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Rutgers Focus: Produced by University Relations for Faculty and Staff of Rutgers


Staff Spotlight: Noelle Jensen

Archived article from Apr 24, 2006

By Carla Cantor  



Credit: Nick Romanenko
To learn more about the women's
treatment program, call 732-445-0900.



Position: Senior project coordinator, Center of Alcohol Studies (CAS); has held various positions at the center

Length of Service: Since 1991

Residence: Bedminster


What she does: Noelle Jensen helps women who think they may drink too much. She is often the first person clients speak with when they call in and the last person they meet with in their final research interview after completing treatment. After an initial phone screen, she meets with women and their spouses or male partners to determine if they are eligible to receive 12 sessions of outpatient treatment, free of charge, at the center’s clinic in Piscataway. Jensen conducts a pre-treatment research interview the following week, and then coordinates therapy with the center’s clinicians. She also follows up with patients three, nine and 15 months later. “Most alcoholism research has been done with men, and our study looks at what treatments work best for women with drinking problems,” she says. The federally funded research-treatment study is in its third year.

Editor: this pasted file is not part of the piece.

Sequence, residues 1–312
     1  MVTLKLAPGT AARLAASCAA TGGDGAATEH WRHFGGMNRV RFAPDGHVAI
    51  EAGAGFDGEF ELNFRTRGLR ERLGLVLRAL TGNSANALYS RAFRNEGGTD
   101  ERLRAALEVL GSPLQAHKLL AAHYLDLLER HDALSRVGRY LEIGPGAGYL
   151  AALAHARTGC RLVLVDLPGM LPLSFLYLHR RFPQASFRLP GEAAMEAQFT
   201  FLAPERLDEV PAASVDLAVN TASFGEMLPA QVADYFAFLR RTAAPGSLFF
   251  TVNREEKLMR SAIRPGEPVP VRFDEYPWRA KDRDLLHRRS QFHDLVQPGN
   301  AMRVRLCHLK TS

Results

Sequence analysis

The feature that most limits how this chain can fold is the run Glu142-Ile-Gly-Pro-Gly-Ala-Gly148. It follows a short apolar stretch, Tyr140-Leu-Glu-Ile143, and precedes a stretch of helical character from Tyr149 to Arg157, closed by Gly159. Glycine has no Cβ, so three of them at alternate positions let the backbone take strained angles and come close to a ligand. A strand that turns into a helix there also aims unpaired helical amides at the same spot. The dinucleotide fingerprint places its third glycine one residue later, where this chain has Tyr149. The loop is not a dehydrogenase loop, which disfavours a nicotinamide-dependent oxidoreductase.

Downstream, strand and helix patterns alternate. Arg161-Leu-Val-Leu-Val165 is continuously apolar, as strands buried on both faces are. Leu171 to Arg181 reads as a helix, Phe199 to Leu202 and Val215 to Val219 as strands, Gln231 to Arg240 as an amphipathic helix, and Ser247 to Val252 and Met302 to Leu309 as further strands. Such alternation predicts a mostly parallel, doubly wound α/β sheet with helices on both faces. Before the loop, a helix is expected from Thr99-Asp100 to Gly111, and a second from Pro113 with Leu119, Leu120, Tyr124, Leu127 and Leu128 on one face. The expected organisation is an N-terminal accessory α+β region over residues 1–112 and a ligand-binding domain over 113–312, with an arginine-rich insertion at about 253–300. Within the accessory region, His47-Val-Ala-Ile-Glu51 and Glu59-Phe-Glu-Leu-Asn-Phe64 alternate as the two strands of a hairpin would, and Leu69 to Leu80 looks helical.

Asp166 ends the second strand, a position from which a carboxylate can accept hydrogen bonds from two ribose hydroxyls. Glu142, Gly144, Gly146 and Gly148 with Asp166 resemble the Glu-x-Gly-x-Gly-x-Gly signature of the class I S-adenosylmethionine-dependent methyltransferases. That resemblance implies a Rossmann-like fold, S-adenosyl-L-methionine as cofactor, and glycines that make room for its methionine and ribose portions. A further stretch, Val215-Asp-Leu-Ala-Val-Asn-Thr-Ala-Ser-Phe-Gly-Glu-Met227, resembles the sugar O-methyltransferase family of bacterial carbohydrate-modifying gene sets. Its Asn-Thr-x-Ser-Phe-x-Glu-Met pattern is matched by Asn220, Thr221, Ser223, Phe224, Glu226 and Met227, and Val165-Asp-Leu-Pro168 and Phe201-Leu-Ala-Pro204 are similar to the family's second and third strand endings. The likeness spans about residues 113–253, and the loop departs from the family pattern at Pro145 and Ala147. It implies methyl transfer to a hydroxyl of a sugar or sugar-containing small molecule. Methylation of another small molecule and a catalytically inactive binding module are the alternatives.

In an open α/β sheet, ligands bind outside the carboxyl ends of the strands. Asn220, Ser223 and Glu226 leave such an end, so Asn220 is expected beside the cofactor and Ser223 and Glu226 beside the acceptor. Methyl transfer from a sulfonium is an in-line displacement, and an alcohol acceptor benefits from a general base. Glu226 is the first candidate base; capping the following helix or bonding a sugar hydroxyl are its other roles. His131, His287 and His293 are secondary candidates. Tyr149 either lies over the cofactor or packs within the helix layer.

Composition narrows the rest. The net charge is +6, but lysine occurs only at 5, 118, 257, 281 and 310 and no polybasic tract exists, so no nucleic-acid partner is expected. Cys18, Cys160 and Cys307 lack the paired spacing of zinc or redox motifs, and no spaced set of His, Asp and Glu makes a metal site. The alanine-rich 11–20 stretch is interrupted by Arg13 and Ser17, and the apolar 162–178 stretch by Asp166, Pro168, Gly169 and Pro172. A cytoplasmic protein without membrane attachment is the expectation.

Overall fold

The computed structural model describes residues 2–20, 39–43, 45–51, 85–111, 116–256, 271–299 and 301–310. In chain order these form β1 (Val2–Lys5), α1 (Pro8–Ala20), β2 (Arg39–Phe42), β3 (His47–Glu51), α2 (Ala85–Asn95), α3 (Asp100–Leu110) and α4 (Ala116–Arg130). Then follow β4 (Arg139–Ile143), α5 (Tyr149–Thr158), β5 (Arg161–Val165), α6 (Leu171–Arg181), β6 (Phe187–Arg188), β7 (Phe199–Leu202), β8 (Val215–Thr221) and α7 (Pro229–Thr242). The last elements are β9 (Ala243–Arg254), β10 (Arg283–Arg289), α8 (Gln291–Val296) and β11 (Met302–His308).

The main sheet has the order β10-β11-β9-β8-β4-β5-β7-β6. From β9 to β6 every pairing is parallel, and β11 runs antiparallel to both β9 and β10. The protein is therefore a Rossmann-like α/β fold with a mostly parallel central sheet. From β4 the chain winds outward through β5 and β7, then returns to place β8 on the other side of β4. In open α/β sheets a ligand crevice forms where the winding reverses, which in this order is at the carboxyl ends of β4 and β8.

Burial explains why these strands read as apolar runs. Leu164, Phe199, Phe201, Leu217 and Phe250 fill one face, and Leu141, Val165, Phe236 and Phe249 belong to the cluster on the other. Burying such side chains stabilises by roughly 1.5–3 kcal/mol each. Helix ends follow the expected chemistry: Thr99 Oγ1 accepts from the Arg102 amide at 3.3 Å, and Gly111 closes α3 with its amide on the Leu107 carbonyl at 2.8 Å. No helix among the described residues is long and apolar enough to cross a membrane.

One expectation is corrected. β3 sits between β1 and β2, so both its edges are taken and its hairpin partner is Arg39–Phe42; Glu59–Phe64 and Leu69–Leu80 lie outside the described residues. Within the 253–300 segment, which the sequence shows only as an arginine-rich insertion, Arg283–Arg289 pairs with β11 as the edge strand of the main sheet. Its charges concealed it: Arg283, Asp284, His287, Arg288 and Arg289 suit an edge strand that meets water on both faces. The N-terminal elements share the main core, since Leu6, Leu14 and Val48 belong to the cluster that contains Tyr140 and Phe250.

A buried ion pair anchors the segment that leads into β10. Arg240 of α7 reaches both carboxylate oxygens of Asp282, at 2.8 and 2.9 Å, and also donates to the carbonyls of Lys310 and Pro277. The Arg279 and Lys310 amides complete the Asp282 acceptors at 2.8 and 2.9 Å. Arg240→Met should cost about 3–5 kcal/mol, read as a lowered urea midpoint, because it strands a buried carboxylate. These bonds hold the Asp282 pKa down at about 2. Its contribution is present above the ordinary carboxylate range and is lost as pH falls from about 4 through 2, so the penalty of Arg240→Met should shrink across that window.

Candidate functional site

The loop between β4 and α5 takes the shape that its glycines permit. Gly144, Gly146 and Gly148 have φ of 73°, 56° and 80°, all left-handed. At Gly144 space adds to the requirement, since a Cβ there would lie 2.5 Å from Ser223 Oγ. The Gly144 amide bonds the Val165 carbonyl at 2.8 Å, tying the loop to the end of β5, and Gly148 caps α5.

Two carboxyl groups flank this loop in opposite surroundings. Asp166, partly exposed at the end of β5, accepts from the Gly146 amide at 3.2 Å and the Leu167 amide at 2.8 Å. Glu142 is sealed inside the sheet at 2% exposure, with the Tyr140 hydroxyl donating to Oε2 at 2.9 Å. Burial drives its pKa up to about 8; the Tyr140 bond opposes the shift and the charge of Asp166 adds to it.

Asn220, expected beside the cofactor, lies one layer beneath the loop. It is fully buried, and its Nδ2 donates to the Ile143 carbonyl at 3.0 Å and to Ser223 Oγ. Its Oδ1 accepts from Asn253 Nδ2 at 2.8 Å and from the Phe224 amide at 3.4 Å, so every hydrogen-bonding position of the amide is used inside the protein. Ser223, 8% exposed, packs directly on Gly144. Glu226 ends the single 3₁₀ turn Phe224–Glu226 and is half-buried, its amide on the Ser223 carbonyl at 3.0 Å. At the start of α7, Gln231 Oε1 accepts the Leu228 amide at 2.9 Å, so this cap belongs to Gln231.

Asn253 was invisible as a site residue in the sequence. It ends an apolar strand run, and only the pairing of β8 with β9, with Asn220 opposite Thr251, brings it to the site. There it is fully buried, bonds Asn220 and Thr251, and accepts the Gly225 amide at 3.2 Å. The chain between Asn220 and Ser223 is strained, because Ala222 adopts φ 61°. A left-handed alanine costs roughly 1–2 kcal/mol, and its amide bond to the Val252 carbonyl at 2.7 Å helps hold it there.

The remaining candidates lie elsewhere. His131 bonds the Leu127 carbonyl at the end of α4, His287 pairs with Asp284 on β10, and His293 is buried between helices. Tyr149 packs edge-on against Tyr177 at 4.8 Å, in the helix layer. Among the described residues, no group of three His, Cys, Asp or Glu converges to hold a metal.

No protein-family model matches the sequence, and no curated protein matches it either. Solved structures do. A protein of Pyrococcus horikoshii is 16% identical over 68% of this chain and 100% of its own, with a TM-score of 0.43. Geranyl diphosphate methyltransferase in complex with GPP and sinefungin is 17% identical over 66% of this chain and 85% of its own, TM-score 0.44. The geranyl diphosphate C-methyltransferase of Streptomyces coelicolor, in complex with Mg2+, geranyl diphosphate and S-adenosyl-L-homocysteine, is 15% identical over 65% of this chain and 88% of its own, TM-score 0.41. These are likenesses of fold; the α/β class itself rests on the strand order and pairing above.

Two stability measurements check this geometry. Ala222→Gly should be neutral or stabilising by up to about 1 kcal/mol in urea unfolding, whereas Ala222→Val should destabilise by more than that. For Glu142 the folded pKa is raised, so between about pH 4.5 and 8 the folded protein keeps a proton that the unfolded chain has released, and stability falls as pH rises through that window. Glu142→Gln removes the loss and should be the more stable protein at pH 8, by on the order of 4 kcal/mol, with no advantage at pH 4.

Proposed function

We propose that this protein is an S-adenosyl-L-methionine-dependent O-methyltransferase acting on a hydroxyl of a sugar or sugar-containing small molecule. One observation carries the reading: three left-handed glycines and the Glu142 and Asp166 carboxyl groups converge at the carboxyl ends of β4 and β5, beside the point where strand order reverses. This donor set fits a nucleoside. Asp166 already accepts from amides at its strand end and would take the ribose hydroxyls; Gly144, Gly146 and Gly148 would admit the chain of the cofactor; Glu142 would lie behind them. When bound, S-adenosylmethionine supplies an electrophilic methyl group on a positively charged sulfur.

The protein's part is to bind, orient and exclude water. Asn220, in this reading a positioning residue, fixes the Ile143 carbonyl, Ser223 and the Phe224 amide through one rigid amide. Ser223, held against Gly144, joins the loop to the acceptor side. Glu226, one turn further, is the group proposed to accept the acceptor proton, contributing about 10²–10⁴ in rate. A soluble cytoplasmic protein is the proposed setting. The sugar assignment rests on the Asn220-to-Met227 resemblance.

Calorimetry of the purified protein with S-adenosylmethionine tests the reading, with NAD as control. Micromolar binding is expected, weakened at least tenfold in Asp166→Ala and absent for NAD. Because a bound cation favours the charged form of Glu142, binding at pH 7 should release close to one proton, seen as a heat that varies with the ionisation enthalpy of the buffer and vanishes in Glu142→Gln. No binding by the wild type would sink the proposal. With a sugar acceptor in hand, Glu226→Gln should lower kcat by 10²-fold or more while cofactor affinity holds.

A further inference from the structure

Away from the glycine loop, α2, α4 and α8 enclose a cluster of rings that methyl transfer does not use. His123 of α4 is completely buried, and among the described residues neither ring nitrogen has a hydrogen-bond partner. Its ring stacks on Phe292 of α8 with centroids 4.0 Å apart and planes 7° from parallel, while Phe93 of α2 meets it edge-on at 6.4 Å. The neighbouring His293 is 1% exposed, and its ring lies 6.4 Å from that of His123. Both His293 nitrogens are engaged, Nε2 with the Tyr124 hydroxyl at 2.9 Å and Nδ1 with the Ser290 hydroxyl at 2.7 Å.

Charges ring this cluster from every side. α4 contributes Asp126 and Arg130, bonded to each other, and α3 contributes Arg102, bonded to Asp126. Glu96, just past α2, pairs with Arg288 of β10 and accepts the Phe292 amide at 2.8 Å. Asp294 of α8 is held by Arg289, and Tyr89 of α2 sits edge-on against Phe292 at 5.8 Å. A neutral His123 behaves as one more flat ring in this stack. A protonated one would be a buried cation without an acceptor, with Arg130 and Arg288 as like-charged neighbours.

Discovering a calling: Jensen majored in psychology at Rutgers, and as a junior pursued independent study at the CAS, where she was assigned to a research project on men with drinking problems. That was 1991, and she has been there ever since.

“Growing up, I had friends and significant others who experienced problems with substances,” Jensen says. “I knew the toll addiction could take on people’s lives.” Her first job was as a part-time research assistant preparing interview materials and doing data entry. A year later, a full-time job opened up with CAS’ Alcohol Research Center.

Jensen recruited participants and conducted psychiatric interviews at three substance abuse treatment facilities for a study exploring the relationship between treatment process and outcome. In 1995, she continued her career as a program interviewer with a grant exploring individual differences among inpatient substance abusers. In 1997, she began work on the Rutgers Women’s Treatment Project I. While working full time, she took courses toward a master’s degree in social work, which she received from Rutgers in 2001. Since then, her work has included providing therapy to the patients in the programs at CAS, in addition to her assessment and research responsibilities.


A job that suits her: Jensen enjoys interacting with clients. “People seem to feel comfortable talking to me,” Jensen says. But she admits she finds it hard to talk about herself. “Maybe it’s because I spend so much time listening to others,” she says, turning the topic back to her clients. The women have fairly serious drinking problems. “It is heartening to see a person becoming motivated to change,” she says. “There are many women who have come in nervous, anxious and unhappy, and over time I see them blossom.”